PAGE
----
Page:Popular Science Monthly Volume 16.djvu/44

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34
THE POPULAR SCIENCE MONTHLY.

enough, his estimate of the sexual passion fell a good deal below the truth.

The strong leanings toward some form of socialism, indicated in the "Autobiography," would have led us to believe that his opinions nearly coincided with those of the Socialists commonly so called. The recent publication of his first draft of a projected essay on the subject shows the wide gulf that still separated him and them. The obstacles to the realizing of socialistic schemes could not be more forcibly expressed. Above all, the great stress that he always put upon individuality would be almost impossible to reconcile with the constructions of Fourier, Owen, Louis Blanc, and the American communities. His socialism is thus to be the outcome of a remote future, when human beings shall have made a great stride in moral education, or, as Mr, Spencer would express it, have evolved a new and advanced phase of altruism.

The publication of the "Political Economy" was followed by another very serious break-down in his health. In the summer of 1848, an affection of the thigh (I am not sure whether it began in a hurt) was treated by his doctor with iodine; the consequence of which was a speedy impairment of his eyesight. I remember him in a state of despair from the double misery of lameness and blindness. His elasticity of constitution brought him through once more; but in the following year (1849) he was still in an invalid condition. I introduced to him that year Dr. Thomas Clark, of Marischal College, himself a permanent invalid from overwork, who spoke a good deal to him about regimen, and endeavored to induce him to try the water-treatment, then just started. He was, however, not to be moved from his accustomed routine. His view of the medical art (at the time I speak of) was, that it should restore a shattered frame by something like magic. In other respects, his intercourse with Clark gratified him much, and led to a permanent friendship.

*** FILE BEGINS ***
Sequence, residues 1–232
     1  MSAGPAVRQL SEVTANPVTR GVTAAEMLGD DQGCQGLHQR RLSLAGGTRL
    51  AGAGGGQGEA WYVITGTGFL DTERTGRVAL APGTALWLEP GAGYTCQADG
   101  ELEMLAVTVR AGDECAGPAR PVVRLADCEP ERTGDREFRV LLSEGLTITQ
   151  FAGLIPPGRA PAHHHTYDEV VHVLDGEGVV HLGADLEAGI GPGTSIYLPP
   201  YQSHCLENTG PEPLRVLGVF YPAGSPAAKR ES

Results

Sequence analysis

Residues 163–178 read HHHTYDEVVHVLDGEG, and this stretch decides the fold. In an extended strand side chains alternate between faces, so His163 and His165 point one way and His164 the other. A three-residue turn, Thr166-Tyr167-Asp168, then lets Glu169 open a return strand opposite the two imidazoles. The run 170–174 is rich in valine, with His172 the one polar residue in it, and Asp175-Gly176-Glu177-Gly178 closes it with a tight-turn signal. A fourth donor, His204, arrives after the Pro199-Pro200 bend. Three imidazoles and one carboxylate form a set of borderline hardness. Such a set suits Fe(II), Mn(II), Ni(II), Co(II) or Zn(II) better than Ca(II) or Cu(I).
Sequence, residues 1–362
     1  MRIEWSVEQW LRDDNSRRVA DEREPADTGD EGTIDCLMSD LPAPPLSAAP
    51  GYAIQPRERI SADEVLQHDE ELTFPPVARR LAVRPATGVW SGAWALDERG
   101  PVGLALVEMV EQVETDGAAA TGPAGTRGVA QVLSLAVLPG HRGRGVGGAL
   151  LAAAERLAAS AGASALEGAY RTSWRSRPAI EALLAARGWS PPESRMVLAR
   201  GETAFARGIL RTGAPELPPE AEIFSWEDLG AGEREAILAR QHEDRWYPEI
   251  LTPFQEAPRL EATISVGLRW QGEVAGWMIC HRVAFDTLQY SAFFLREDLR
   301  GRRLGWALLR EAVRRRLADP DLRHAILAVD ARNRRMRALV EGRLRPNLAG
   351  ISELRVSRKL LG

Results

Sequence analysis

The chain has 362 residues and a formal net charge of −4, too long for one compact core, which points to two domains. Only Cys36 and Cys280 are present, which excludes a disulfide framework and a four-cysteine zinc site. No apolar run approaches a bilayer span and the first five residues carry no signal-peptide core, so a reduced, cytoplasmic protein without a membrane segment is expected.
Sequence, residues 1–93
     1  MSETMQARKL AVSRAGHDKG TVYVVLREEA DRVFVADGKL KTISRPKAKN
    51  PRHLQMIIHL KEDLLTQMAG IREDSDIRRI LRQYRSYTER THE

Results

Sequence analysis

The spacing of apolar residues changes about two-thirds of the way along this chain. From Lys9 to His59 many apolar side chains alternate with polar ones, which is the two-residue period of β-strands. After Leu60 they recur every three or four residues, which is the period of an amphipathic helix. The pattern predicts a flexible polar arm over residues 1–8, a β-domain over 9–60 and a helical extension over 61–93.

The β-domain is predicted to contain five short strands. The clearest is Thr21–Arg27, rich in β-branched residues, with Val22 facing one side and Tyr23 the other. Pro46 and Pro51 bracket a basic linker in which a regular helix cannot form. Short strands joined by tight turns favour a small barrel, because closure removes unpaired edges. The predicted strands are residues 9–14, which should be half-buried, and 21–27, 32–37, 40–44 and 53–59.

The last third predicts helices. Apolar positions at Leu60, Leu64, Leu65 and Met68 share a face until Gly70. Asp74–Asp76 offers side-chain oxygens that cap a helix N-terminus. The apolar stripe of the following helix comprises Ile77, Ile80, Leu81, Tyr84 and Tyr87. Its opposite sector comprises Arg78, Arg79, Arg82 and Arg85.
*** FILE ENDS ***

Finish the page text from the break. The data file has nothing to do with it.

His work, as a great originator, in my opinion, was now done. The two books now before the world were the great constructions that his accumulated stores had prepared him for; and I do not think that there lay in him the materials of a third at all approaching to these. It is very unlikely indeed that he was even physically capable of renewing the strain of the two winters—1842-'43 and 1846-'47. His subsequent years were marked by diminished labors on the whole; while the direction of these labors was toward application, exposition, and polemic rather than origination; and he was more and more absorbed in the outlook for social improvements. Not that his later writings are deficient in stamina or in value; as sources of public instruction and practical guidance in the greatest interests of society, they will long hold their place. But it was not within the compass of his energies to repeat the impression made by him in 1843 and again